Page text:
No need for chemical treatments on your deck or pergola. These woods stand up to weather, insects and time beautifully on their own.
Back in the day, farmers used local trees to create rot-resistant fences at their property line. In New England, black locust (Robinia pseudoacacia) was the preferred tree. Midwest farmers planted thorny Osage orange (Maclura pomifera) to delineate their property lines and keep farm animals contained. Sometimes they used living stakes and let them grow into a living fence-hedge.
Both black locust and Osage orange can be seen growing as hedgerows in these regions today. Those farmers had the right idea to use naturally rot-resistant wood to create low-maintenance fences. It was a locally available building material that required little maintenance.
Source wood that is naturally rot resistant and local to create gorgeous natural surfaces in your garden.
Why Use Wood Today?
From a design standpoint, wood surfaces are very intriguing, with their color modulations, weathering and variety of textures. Woods have a huge range of aesthetic expressions, from wild, bumpy log posts to refined decks sanded smooth. Wood has an undeniable warmth and an association with woodlands and natural landscapes, and one type of rot-resistant wood can be used in a variety of ways. From an environmental standpoint, wood is a great choice when it is locally sourced and sustainably harvested.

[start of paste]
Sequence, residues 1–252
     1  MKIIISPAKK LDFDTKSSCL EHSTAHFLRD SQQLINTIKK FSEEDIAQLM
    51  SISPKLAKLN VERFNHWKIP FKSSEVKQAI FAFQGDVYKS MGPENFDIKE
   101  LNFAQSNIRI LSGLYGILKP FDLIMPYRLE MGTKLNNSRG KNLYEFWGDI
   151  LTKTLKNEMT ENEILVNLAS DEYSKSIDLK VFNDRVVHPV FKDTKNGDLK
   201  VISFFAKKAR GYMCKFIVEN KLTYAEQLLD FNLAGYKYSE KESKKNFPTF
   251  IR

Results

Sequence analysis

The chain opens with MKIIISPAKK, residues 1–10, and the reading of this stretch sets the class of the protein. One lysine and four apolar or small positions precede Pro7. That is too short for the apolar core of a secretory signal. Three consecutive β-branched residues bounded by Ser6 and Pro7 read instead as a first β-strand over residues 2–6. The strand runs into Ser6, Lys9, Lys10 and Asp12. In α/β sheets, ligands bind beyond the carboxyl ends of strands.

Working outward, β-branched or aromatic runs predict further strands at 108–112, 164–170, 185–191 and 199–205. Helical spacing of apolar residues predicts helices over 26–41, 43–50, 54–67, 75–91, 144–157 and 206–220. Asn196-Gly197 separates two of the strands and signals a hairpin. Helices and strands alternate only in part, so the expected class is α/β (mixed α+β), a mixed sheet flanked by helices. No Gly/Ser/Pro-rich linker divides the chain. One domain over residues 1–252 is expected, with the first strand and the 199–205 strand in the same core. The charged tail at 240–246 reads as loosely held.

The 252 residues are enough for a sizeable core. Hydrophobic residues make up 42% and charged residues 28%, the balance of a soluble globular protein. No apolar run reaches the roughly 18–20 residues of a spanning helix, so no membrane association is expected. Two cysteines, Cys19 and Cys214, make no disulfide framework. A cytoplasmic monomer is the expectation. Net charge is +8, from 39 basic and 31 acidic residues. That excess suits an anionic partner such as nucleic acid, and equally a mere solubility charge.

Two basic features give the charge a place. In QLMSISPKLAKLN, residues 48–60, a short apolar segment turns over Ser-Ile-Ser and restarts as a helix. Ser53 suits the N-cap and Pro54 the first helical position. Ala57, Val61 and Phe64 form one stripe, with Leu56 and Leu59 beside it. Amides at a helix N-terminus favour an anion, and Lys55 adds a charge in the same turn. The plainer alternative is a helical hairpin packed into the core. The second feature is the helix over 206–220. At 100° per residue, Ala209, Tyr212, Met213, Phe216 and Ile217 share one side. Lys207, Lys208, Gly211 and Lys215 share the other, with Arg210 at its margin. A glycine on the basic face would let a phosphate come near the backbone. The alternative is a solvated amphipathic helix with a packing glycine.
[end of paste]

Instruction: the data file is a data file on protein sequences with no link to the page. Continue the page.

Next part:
8 Rot-Resistant Woods
Naturally resistant woods that are commercially available include black locust (Robinia pseudoacacia), teak (Tectona grandis), ipe (Tabebuia spp.), California redwood (Sequoia sempervirens) and bald cypress (Taxodium distichum). These have the highest resistance to rot over time.
Ipe deserves special mention because there are so many available products that use this beautiful wood. Ipe is sourced from the tropical tree genus Tabebuia, also known as trumpet tree in South Florida. It is an extremely dense wood that weathers beautifully over time to a light silver-gray. Ipe has been in vogue for years, and many types certified by the Forest Stewardship Council (FSC) are available.
Various woods, especially the tropical hardwoods, like teak and ipe, come in and go out of fashion in the building industry and can have a high potential for commercial exploitation. Use lumber that has been certified as sustainable by the FSC. Wood that is FSC certified will be clearly labeled with the FSC certification logo.
Additional woods with medium resistance to rot include loblolly pine (Pinus taeda), European larch (Larix decidua) and western redcedar (Thuja plicata), shown here. The type of rot-resistant wood you decide to use will ultimately come down to cost, availability and desired style.